We found this article, made available by Insurance Journal, most informative. The original content can be accessed by clicking here.
This post is part of a series sponsored by The Hanover Insurance Group.
As the pandemic continues, we’re seeing new COVID-19-related regulations, restrictions and advisories issued and adjusted by federal, state, and local officials on a regular basis. Each jurisdiction can create and enforce its own laws, leaving many employers faced with varying—and at times conflicting—orders and guidance. This creates a decision point for employers. Which should they follow? And, how can that decision impact their business?
From decisions about workplace safety, such as personal protective equipment, visitor policies and vaccine requirements, to handling work-from-home, family, and medical leave requests, there are a lot of business issues to sort through and a great deal of exposure, which could leave them open to the threat of an employment-related lawsuit. As trusted advisers to these businesses, independent agents can help guide their clients through the maze of regulations and guidance, sharing thoughtful risk management practices and key coverages to evaluate.
Growing threat of litigation
More than 2,000 COVID-related employment lawsuits have been filed already, and the number is expected to grow as businesses respond to ever-evolving circumstances. Business leaders can prepare by educating themselves and seeking out resources and guidance to navigate health, safety, and economic issues. Whether it’s subsequent waves, a change of jurisdictional guidance and/or regulations, or the availability of a vaccine, forward -thinking leaders will be well prepared to understand the options and their impact and make informed, proactive decisions.
With the pandemic, employers should be especially mindful of the following types of employment practice claims:
- Workplace safety: Allegations of failure to provide a safe working environment
- Discrimination: Allegations of age and disability bias in employment termination
- Wage and hour: Allegations of failure to pay non-exempt employees for remote work or time spent completing employer-mandated COVID-19-realted health and safety activities, such as daily screenings
- Retaliation: Allegations of retribution for complaints about workplace safety or use of medical leave
Thoughtful risk management
With questions like ‘can employees be required to get a COVID-19 vaccine?’, ‘how do we manage continued work-from-home requests?’, ‘what accommodations should be made for employees with disabilities?’, and ‘how do we address employees’ workplace safety concerns?’, it can be difficult for businesses to know where to start. Independent agents can play an important role in helping their clients think critically about their risks and take proactive steps. Similarly, top insurance carriers understand this, and have acted to provide employers with guidance and services that can help them minimize the risk of litigation.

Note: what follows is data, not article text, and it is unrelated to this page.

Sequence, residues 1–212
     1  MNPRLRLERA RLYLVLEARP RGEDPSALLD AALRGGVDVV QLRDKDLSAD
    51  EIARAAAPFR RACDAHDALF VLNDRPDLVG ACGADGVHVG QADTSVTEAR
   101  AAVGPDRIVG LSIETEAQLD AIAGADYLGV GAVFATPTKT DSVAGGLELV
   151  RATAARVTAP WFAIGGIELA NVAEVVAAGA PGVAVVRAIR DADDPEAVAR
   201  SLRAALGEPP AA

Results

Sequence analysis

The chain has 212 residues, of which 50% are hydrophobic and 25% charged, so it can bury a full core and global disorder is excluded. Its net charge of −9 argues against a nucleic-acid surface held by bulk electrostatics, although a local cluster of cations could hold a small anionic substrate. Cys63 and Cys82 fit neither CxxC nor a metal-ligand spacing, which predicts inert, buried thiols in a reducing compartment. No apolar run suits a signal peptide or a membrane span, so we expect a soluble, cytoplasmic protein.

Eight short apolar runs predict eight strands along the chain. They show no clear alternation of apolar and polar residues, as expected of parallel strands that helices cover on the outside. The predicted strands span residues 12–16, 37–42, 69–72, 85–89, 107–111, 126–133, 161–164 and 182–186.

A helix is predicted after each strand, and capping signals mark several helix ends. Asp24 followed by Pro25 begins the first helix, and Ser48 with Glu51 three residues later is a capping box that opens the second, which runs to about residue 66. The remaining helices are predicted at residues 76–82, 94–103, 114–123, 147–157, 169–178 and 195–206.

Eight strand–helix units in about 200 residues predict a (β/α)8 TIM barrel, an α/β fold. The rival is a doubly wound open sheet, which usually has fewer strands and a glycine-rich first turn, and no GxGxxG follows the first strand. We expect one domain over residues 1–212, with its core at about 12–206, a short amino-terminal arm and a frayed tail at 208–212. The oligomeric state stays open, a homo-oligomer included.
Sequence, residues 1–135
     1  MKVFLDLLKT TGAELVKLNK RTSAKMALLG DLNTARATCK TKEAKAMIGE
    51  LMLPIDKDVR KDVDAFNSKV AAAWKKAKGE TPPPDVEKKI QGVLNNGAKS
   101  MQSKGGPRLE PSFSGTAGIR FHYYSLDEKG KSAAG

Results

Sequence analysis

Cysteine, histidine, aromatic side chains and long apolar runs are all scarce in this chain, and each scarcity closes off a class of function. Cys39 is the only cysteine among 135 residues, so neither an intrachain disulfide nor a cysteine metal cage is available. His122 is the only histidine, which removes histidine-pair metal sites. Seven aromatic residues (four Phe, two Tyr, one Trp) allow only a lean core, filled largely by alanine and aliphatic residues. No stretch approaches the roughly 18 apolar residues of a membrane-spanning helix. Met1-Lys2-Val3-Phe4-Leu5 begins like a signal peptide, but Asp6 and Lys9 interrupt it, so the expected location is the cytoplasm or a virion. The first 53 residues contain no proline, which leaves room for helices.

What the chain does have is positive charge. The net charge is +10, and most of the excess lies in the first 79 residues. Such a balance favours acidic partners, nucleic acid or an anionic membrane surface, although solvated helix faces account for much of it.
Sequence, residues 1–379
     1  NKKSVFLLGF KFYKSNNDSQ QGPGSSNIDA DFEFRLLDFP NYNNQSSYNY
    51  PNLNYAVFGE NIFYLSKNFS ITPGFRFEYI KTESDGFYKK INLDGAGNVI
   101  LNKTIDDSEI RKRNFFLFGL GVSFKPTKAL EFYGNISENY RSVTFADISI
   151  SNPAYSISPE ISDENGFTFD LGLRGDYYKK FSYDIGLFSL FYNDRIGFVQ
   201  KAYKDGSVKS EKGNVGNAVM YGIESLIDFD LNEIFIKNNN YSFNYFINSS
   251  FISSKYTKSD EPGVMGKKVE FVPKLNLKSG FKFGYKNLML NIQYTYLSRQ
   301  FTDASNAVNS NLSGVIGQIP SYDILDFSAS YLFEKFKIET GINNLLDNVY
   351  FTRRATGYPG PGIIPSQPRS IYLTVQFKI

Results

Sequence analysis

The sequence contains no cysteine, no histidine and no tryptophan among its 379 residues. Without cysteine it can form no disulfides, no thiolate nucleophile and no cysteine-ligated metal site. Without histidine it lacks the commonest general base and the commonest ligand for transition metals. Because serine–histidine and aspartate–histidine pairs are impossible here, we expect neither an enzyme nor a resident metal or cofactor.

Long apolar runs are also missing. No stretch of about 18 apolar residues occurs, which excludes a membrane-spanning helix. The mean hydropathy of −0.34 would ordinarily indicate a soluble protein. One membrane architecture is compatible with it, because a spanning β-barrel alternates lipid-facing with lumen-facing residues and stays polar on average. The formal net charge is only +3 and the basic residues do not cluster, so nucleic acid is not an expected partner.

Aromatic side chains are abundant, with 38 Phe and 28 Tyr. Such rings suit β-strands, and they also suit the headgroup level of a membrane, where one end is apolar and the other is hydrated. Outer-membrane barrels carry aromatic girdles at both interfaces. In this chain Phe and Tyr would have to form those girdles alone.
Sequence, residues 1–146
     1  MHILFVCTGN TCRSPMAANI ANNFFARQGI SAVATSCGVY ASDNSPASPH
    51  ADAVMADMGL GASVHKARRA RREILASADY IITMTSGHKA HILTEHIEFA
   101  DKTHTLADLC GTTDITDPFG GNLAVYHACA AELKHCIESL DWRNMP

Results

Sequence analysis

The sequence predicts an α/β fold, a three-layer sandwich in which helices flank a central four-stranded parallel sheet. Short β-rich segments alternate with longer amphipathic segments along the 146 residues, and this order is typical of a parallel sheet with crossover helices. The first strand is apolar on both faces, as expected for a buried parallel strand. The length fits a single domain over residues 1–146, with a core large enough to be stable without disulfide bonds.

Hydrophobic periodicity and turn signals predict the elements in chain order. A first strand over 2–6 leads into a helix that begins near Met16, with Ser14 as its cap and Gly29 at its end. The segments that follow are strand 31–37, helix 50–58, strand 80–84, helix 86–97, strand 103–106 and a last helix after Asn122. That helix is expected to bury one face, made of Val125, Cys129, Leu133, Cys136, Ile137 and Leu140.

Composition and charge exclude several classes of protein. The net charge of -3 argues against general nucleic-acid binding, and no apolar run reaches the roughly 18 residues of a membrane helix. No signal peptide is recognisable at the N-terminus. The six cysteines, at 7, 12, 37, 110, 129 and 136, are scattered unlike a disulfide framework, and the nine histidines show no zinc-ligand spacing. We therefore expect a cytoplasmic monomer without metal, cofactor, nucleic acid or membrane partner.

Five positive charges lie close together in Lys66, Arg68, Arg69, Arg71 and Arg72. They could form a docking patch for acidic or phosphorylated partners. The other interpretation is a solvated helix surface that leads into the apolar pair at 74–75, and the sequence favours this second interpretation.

For example, The Hanover has negotiated agreements with leading labor and employment practices firms to offer a range of services to Hanover policyholders that can help reduce the risk of employment practice lawsuits related to COVID-19. These value-added services are offered to policyholders no cost, or at a significant discount, such as:
Holistic insurance solution
- COVID-19 return-to-work guide, including a robust testing and screening guide, sample policy language and detailed guidance on workplace safety, disability accommodations, and more
- Family First Coronavirus Response Act compliance assistance, including sample policies, template forms, a flowchart for managing requests and attorney consultation
- COVID-19 online training module for employees on personal hygiene practices and more
- A COVID-19 customer information center with key information from the CDC, EEOPC, and state-specific resources
Beyond risk management, agents can help their clients by partnering with insurance carriers that offer employment practices liability insurance that can be tailored to the needs of each business.
As businesses wonder if they have adequate insurance protection, agents can help them understand their coverage and identify possible risk areas by considering these three important factors:
- Definitions: As agents know, not all definitions are created equal. Carefully assess definitions of wrongful acts to ensure a business’s unique risks are covered.
- Who to cover: Ensure coverage applies to the acts of all individuals who work at the organization. For example, does the business use contractors?
- Key coverage provisions: These should include punitive damages where insurable, and coverage for Equal Employment Opportunity Commission or state equivalent proceedings.
As the COVID-19 pandemic continues to evolve, employers face increasing risks from employment-related lawsuits. Fortunately, agents can play an important role in guiding their business clients to risk management practices and coverages that help best protect their operations, their interests, and their employees.